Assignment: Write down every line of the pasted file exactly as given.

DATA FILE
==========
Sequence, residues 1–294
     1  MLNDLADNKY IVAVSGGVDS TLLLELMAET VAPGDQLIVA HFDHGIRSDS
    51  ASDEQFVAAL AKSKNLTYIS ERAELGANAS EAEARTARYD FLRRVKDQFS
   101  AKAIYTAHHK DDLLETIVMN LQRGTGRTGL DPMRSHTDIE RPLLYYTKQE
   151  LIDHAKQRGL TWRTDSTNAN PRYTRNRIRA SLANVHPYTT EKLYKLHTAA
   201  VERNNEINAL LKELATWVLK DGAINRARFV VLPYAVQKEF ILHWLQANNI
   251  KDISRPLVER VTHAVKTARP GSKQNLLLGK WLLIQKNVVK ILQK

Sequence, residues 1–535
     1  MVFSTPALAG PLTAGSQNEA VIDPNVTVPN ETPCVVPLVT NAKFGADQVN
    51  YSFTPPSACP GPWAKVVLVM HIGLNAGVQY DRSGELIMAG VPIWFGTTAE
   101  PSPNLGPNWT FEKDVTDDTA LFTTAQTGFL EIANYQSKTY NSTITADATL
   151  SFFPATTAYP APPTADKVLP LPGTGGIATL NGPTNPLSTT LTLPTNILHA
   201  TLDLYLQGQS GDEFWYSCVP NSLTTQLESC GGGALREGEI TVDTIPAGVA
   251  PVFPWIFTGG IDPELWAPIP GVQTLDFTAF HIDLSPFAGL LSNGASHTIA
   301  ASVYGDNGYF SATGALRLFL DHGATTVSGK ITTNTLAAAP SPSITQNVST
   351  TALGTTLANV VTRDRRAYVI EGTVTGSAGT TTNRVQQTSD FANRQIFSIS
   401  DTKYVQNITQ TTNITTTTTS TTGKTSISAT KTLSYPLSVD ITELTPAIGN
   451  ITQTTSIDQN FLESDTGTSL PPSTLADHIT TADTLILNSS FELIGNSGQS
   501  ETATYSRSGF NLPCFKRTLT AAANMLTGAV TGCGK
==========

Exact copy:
Sequence, residues 1–294
     1  MLNDLADNKY IVAVSGGVDS TLLLELMAET VAPGDQLIVA HFDHGIRSDS
    51  ASDEQFVAAL AKSKNLTYIS ERAELGANAS EAEARTARYD FLRRVKDQFS
   101  AKAIYTAHHK DDLLETIVMN LQRGTGRTGL DPMRSHTDIE RPLLYYTKQE
   151  LIDHAKQRGL TWRTDSTNAN PRYTRNRIRA SLANVHPYTT EKLYKLHTAA
   201  VERNNEINAL LKELATWVLK DGAINRARFV VLPYAVQKEF ILHWLQANNI
   251  KDISRPLVER VTHAVKTARP GSKQNLLLGK WLLIQKNVVK ILQK

Sequence, residues 1–535
     1  MVFSTPALAG PLTAGSQNEA VIDPNVTVPN ETPCVVPLVT NAKFGADQVN
    51  YSFTPPSACP GPWAKVVLVM HIGLNAGVQY DRSGELIMAG VPIWFGTTAE
   101  PSPNLGPNWT FEKDVTDDTA LFTTAQTGFL EIANYQSKTY NSTITADATL
   151  SFFPATTAYP APPTADKVLP LPGTGGIATL NGPTNPLSTT LTLPTNILHA
   201  TLDLYLQGQS GDEFWYSCVP NSLTTQLESC GGGALREGEI TVDTIPAGVA
   251  PVFPWIFTGG IDPELWAPIP GVQTLDFTAF HIDLSPFAGL LSNGASHTIA
   301  ASVYGDNGYF SATGALRLFL DHGATTVSGK ITTNTLAAAP SPSITQNVST
   351  TALGTTLANV VTRDRRAYVI EGTVTGSAGT TTNRVQQTSD FANRQIFSIS
   401  DTKYVQNITQ TTNITTTTTS TTGKTSISAT KTLSYPLSVD ITELTPAIGN
   451  ITQTTSIDQN FLESDTGTSL PPSTLADHIT TADTLILNSS FELIGNSGQS
   501  ETATYSRSGF NLPCFKRTLT AAANMLTGAV TGCGK